Baotong Gu and Meng Yu’s “East Meets West on Flat Design: The Convergence and Divergence in Chinese and American User Interface Design” investigates the shift from the previously ubiquitous skeumorphic (or mimetic) icons and images to the flat (or abstract) illustrations that dominate user interfaces across almost all devices at this time. Using examples from China and the United States for clarity and emphasis, Baotong and Meng consider the social, rhetorical, cultural and ideological influences on user interface design and find merit in the skeuormorphic, the flat, and the integration of the two. Their advice is to allow cultural sensitvity to guide the choice of design.
After accepting this manuscript for publication, I inquired about their source of inspiration. Baotong and Meng identified it as a recognition of the importance of their subject and a desire to assist the field in addressing it:
User interface design is one of the most important topics in technical communication, especially in this digital age where UX design is at the forefront of technical communication design. Of particular interest to technical communicators are cross-cultural aspects of interface design intended for a global audience. The convergence and divergence in user interface design approaches over the last few decades warrants a close examination of what cultural factors are at play in the shifting trends. But one of the greatest challenges in writing this article was translating our theoretical conclusions about user interface design into operationalized guidance for practitioners. We do take satisfaction in arriving at some practical advice that we hope will be helpful to our field.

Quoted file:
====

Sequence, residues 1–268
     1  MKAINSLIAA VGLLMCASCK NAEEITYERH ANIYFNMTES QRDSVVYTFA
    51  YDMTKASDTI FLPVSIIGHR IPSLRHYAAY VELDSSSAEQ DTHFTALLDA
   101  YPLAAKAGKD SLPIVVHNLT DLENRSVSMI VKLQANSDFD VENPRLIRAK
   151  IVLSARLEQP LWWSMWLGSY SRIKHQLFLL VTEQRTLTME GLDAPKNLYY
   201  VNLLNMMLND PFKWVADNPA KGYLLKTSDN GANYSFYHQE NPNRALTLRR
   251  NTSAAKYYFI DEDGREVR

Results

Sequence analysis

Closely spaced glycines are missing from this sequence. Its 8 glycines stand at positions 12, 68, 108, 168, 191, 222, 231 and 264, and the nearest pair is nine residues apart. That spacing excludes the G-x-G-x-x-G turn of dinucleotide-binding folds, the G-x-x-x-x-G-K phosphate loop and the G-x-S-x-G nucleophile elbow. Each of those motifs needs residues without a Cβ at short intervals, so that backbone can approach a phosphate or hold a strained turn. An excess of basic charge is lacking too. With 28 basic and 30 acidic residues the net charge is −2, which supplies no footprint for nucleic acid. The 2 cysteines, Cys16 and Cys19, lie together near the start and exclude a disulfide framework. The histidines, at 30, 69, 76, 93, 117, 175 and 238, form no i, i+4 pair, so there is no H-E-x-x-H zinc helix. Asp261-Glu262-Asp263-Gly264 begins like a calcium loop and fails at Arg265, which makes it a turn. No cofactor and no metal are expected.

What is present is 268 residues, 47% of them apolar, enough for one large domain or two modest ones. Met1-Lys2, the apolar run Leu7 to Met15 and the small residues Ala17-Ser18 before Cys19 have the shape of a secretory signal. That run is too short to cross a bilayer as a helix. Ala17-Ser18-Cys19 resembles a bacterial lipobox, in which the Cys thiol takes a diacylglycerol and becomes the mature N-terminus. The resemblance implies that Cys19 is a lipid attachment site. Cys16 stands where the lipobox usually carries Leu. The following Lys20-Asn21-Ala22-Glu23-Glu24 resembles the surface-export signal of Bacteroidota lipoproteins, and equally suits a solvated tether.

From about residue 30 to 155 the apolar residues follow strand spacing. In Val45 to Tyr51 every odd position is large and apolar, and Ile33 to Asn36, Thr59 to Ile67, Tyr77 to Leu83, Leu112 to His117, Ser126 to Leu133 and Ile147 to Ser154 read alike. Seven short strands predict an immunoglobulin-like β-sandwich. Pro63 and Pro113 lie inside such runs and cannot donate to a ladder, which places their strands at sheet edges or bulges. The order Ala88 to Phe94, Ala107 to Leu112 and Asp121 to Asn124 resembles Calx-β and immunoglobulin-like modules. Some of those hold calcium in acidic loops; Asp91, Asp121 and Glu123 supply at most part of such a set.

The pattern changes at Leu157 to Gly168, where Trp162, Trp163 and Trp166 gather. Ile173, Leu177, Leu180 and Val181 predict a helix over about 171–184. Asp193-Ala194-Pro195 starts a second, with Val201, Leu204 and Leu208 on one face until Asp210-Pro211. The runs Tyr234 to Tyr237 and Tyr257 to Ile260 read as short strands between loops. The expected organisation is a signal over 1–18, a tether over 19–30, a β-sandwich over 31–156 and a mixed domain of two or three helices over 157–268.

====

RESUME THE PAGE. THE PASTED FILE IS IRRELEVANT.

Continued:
I also asked about their choice of illustrations—key evidence for their claims—and appreciated their candid answer:
There are obviously millions of user interface design examples available out there. Selecting samples representative of both the American and Chinese cultures wasn’t an easy task. We did agonize over selecting the most illustrative and representative samples without being prejudiced for or against any of them. We started with hundreds of possible sample designs and decided on the ones we used after much deliberation and careful assessment. We’re glad with what we used and hope they illustrate well what we theorized about user interface design in different cultural contexts.